...

There are two main theoretical results. Theorem 1 gives a convergence rate for proxSAGA, which is incrementally better than a previous result. Theorem 2 gives the rate for an asynchronous setting, which is more groundbreaking."


Example from /nips30/reviews/1173.html

“The paper is missing a related work section and also does not cite several related works, particularly regarding RNN variants with latent variables (Fraccaro et al. 2016; Chung et al. 2017), hierarchical probabilistic generative models (Johnson et al. 2016; Edwards & Storkey 2017) and disentanglement in generative models (Higgins et al. 2017). The proposed graphical model is similar to that of Edwards & Storkey (2017), though the frame-level Seq2Seq makes the proposed method sufficiently original. The study of disentanglement for sequential data is also fairly novel."


Significance: Are the results important? Are others (researchers or practitioners) likely to use the ideas or build on them? Does the submission address a difficult task in a better way than previous work? Does it advance the state of the art in a demonstrable way? Does it provide unique data, unique conclusions about existing data, or a unique theoretical or experimental approach?

Example from /nips30/reviews/688.html

“I liked this article very much. It answers a very natural question: gradient descent is an extremely classical, and very simple algorithm. Although it is known not to be the fastest one in many situations, it is widely used in practice; we need to understand its convergence rate. The proof is also conceptually simple and elegant, and I found its presentation very clear."


Example from /nips30/reviews/3278.html

"This paper seems to be a useful contribution to the literature on protein docking, showing a modest improvement over the state of the art. As such, I think the paper would be well-suited for publication in a molecular biology venue, or perhaps as an application paper at NIPS. The main weakness of the paper in my view is that it is a fairly straightforward application of an existing technique (GCNs) to a new domain (plus some feature engineering). As such I am leaning towards a rejection for NIPS."


Constructive Feedback: Please comment on and take into account the strengths of the submission. It can be tempting to only comment on the weaknesses; however, ACs, and program chairs need to understand both the strengths and the weaknesses in order to make an informed decision. It is useful for the ACs, and program chairs if you include a list of arguments for and against acceptance. If you believe that a submission is out of scope for AISTATS, then please justify this judgement appropriately, including, but not limited to, looking at subject areas and previous AISTATS papers. If you need to cite existing work, please be as precise as possible and give a complete citation.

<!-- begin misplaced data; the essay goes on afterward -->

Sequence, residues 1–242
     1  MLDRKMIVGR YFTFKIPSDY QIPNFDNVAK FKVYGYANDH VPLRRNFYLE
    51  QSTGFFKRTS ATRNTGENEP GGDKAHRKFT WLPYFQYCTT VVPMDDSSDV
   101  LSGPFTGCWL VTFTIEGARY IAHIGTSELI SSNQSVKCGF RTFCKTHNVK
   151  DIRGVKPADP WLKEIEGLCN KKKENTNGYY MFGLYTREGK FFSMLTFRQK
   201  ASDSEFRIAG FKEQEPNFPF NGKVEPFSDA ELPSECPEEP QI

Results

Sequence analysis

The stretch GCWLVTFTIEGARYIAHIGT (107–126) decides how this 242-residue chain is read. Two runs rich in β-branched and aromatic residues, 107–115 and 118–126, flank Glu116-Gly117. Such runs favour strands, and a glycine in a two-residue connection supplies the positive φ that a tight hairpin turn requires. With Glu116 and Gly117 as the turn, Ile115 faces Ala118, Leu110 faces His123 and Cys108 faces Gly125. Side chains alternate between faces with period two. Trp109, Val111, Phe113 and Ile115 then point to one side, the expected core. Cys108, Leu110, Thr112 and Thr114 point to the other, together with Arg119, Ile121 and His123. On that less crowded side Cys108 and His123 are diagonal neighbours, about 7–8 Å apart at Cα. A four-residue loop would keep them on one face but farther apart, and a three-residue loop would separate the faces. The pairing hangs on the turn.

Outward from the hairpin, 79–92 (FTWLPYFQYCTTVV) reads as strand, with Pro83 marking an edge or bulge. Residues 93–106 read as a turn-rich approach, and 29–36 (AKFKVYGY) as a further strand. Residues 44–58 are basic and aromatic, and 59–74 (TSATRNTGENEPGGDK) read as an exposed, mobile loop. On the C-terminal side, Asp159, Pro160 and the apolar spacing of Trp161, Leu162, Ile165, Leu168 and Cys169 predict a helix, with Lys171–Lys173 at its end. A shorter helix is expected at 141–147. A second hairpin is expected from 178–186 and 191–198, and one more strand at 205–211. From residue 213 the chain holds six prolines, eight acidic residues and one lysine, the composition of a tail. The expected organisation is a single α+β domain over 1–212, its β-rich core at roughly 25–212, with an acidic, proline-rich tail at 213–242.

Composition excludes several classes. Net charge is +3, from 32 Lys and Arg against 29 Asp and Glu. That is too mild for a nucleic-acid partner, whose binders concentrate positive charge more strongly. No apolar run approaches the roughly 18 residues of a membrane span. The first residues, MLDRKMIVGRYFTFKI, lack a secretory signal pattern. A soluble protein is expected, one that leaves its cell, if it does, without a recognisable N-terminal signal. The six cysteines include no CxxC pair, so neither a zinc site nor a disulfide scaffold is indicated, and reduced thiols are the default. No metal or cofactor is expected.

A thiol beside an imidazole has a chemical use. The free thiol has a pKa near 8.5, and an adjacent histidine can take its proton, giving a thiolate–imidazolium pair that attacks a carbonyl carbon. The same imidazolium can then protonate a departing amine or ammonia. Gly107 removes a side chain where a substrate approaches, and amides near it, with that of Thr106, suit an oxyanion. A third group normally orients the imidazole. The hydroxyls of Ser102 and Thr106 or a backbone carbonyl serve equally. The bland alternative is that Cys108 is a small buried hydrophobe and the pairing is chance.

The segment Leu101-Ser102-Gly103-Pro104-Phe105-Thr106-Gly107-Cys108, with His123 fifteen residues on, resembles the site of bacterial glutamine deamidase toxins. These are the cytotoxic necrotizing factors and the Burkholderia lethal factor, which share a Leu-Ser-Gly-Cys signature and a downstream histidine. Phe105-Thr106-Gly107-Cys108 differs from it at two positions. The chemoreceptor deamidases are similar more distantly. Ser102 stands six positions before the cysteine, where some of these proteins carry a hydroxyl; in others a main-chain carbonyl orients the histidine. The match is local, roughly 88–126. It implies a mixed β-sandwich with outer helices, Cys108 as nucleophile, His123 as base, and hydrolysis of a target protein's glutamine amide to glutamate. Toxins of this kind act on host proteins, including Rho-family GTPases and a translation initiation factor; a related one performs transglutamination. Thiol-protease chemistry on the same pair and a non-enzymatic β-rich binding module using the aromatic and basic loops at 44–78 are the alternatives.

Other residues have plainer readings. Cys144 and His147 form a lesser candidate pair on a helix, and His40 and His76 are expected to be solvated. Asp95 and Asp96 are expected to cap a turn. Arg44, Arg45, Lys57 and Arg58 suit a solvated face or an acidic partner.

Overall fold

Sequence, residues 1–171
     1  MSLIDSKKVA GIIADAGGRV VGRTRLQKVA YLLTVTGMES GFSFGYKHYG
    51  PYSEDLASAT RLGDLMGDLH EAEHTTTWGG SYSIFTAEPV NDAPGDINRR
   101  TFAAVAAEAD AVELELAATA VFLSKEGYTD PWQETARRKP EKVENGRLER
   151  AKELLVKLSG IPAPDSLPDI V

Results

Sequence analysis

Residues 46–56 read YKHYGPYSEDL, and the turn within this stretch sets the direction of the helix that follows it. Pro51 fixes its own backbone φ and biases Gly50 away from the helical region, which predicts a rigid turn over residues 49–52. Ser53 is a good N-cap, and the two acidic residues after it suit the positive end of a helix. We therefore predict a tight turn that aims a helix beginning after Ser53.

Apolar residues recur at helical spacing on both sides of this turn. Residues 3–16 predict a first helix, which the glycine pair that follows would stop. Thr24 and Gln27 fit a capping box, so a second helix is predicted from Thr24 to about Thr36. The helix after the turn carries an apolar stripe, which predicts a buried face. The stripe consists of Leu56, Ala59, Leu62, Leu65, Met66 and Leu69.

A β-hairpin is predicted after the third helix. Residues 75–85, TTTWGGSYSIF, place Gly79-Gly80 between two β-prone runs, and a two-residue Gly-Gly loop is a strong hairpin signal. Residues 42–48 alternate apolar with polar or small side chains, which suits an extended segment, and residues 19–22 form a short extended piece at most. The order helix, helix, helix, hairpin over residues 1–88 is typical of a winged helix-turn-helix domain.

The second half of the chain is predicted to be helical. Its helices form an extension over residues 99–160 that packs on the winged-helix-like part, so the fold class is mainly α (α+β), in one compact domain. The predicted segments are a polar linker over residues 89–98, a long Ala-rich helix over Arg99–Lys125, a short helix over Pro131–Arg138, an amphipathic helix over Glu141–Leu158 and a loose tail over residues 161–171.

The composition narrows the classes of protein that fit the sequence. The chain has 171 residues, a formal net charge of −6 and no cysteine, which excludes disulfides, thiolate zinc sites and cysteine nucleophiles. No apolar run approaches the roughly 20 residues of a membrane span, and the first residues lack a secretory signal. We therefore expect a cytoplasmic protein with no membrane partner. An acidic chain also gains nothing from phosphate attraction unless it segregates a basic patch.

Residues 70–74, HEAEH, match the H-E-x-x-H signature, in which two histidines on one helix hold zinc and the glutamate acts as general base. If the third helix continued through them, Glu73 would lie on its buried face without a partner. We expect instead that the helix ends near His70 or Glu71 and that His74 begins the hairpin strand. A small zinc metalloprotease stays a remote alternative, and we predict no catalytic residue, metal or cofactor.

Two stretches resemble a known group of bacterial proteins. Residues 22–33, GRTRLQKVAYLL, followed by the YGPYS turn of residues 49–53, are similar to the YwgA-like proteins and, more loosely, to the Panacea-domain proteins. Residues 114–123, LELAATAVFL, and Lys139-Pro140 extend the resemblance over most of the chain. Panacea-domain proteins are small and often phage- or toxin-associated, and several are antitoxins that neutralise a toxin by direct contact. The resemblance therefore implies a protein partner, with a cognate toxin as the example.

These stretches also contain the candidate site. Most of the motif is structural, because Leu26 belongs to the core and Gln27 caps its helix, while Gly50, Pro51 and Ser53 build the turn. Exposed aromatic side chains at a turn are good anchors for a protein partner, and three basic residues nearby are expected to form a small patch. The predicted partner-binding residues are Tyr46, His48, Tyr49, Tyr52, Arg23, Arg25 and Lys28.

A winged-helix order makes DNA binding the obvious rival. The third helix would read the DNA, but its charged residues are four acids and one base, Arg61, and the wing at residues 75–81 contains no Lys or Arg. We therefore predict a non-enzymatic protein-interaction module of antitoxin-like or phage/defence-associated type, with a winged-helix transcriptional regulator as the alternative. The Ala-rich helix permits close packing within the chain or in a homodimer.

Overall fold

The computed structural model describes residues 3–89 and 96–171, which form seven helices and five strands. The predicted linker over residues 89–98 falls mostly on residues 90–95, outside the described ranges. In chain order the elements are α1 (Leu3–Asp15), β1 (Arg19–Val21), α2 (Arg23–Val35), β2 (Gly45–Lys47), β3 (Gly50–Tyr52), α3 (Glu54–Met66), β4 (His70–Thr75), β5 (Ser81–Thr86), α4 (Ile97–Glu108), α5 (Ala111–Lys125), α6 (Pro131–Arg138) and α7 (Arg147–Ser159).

Example from /nips30/reviews/587.html

“There are several things to like about this paper:

- The problem of safe RL is very important, of great interest to the community and without too much in the way of high quality solutions.

- The authors make good use of the developed tools in model-based control and provide some bridge between developments across sub-fields.

- The simulations support the insight from the main theoretical analysis, and the algorithm seems to outperform its baseline.

However, I found that there were several shortcomings:


Example from OpenReview

“The main contributions of the paper are:

  1. Distributed variant of K-FAC that is efficient for optimizing deep neural networks. The authors mitigate the computational bottlenecks of the method (second order statistic computation and Fisher Block inverses) by asynchronous updating.
  2. The authors propose a “doubly-factored" Kronecker approximation for layers whose inputs are too large to be handled by the standard Kronecker-factored approximation. They also present (Appendix A) a cheaper Kronecker factored approximation for convolutional layers.
  3. Empirically illustrate the performance of the method, and show:
    • Asynchronous Fisher Block inversions do not adversely affect the performance of the method (CIFAR-10)
    • K-FAC is faster than Synchronous SGD (with and without BN, and with momentum) (ImageNet)
    • Doubly-factored K-FAC method does not deteriorate the performance of the method (ImageNet and ResNet)
    • Favorable scaling properties of K-FAC with mini-batch size

Pros:

Cons: